The muscular young men on these pages, bending to their work in sturdy concert, are oarsmen at the University of Washington (above) and the University of California. For both crews, the rowing season opens this weekend. But of more concern to both is May 9: on that day they meet one another in Seattle in a West Coast rivalry so fierce and traditional that the baseball antagonism between the Los Angeles Dodgers and the San Francisco Giants, by contrast, smacks of a nonagression pact.
Until the season gets under way, it will be too early to predict how the Washington-California regatta will go. Washington, which sent a victorious crew to Moscow last year, lost all but two men in the first boat through graduation. And in January it lost famed Al Ulbrickson, the Huskies coach who resigned after 32 years. But it gained a strong sophomore team, which, added to the veterans, should give Washington a good if not a great team. "But we have to get down to cases," said Coach Fillip Leanderson one morning last week before a 5 o'clock practice on Seattle's Lake Union. "With the possibility of bad weather and powerboats on the lake in the afternoon, there isn't much time." As the shells moved off, Leanderson reminded: "One month from today, California!"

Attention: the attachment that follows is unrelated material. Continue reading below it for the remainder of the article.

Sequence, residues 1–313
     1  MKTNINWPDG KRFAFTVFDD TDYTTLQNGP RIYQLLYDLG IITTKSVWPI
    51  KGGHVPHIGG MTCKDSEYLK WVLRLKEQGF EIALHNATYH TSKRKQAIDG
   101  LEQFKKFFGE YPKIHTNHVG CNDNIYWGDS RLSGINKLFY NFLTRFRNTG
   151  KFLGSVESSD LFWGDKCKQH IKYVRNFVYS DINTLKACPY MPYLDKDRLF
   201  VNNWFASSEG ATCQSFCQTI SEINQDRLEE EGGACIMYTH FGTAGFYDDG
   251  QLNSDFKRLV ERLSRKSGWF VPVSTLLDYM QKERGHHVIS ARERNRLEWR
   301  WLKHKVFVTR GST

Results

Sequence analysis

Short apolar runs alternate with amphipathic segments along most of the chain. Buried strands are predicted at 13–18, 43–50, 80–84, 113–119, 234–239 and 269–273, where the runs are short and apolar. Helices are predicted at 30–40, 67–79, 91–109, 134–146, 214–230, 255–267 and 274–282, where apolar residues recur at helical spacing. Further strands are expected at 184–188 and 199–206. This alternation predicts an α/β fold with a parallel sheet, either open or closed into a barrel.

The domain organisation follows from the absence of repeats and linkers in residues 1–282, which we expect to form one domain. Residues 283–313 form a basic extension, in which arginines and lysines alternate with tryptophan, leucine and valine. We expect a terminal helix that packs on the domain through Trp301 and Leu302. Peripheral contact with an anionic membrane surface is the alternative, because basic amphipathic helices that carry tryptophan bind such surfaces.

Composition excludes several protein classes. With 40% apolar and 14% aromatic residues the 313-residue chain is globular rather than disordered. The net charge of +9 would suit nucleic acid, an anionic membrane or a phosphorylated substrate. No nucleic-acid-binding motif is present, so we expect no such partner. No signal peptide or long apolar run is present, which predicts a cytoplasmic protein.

Some 600 miles to the south in Berkeley, the California crew shows signs of resurging. After poor seasons in the early '50s, the Bears beat strong Wisconsin in 1957 and 1958. And last year's good sophomore squad returns almost intact. Beyond that is the determination of all on the crew to beat Washington as a parting tribute to Ky Ebright, California coach for 35 years, who retires in July.
Ebright, of course, would not mind a bit. And as the California practice shells cut through Oakland Estuary one day last week, sliding across the bows of merchantmen and past the oil tanks on the shore, Ebright shouted instructions from his launch, reminding in his own words: One month from today, Washington!